US President Donald Trump on Tuesday said he would halt immigration to the US for 60 days, saying it was to protect the American jobs during the coronavirus pandemic.
“I will be issuing a temporary suspension of immigration into the United States,” Mr Trump said during briefing on Tuesday.
“By pausing, we’ll help put unemployed Americans first in line for jobs. It would be wrong to be replacing them with new immigrant labour flown in from abroad.”
The move will block green card recipients from moving to the US but will allow temporary workers to arrive.
Mr Trump first made the announcement late on Monday night, when he said he would sign an executive order temporarily closing the US to people trying to immigrate.
The US is struggling to contain the world’s most severe coronavirus outbreak.
“In light of the attack from the invisible enemy, as well as the need to protect the jobs of our great American citizens, I will be signing an executive order to temporarily suspend immigration into the United States,” Mr Trump said on Twitter.
The Trump administration has made several attempts to clamp down on immigration during the pandemic.
The government has taken steps to bar asylum seekers and undocumented migrants from entering the US.
The Universal Declaration of Human Rights guarantees the right to seek asylum but rights advocates are concerned Mr Trump is using the coronavirus crisis to pursue anti-immigration policies.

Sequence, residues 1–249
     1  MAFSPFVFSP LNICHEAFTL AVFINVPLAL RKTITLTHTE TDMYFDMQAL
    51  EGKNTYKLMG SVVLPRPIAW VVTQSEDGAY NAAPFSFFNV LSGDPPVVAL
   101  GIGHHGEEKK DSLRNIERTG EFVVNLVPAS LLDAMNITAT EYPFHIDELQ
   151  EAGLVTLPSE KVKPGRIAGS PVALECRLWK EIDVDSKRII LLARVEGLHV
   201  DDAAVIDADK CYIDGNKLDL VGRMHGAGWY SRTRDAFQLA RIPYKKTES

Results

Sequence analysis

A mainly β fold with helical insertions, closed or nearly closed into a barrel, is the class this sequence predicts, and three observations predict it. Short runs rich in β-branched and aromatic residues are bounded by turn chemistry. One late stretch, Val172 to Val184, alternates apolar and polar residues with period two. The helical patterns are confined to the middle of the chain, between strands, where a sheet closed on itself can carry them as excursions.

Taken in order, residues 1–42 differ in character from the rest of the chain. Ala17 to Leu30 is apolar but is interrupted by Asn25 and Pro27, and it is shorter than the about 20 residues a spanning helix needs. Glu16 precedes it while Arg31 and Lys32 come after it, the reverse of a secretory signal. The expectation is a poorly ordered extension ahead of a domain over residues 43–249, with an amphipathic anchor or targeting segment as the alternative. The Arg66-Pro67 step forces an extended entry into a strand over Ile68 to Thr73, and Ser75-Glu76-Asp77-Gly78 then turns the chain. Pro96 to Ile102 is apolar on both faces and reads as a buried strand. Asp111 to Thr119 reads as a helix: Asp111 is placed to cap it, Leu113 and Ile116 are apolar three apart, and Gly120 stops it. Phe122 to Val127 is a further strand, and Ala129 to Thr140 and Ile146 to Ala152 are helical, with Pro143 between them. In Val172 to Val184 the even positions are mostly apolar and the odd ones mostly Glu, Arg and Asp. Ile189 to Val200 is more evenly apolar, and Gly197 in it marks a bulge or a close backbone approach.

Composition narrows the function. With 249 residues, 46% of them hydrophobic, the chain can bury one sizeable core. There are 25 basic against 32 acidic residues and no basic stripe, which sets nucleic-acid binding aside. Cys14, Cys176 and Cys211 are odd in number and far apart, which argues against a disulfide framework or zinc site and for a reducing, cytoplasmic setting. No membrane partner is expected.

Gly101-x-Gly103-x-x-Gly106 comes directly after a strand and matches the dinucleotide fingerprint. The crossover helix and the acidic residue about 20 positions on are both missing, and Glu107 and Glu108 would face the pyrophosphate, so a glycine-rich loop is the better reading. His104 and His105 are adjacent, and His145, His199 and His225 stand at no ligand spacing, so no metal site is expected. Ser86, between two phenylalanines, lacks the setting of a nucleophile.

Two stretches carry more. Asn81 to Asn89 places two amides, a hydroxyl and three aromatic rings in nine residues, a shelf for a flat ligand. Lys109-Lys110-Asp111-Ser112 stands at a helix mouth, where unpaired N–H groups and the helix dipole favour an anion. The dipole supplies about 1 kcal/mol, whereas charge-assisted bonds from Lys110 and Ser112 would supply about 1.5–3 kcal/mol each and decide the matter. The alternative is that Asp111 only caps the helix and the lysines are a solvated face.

“The Trump administration appears to be weaponising fears over Covid-19 to step up its anti-immigrant agenda by eviscerating the right to seek asylum,” said Clara Long, a senior US researcher at Human Rights Watch.
“Instead of whipping up xenophobia and denying rights, the Trump administration should be taking rational, prudent steps to ensure the health of citizens and non-citizens alike.”
Reducing immigration was one of Mr Trump’s core campaign pledges before taking office in 2016.
Last month, a report in The New York Times revealed a plan by the Trump administration to immediately return all asylum seekers from Mexico without any examination of their claims.
The plan would allow US border officials to return those coming in through legal ports of entry without any due process.
The administration is planning to reopen parts of the country in phases, even as it continues to battle Covid-19.
The approach is meant to revive the economy by providing recommendations for state governors to reduce restrictions and reopen in three stages if certain criteria were met.
There are 792,913 confirmed coronavirus cases in the US and 42,517 have died from the disease.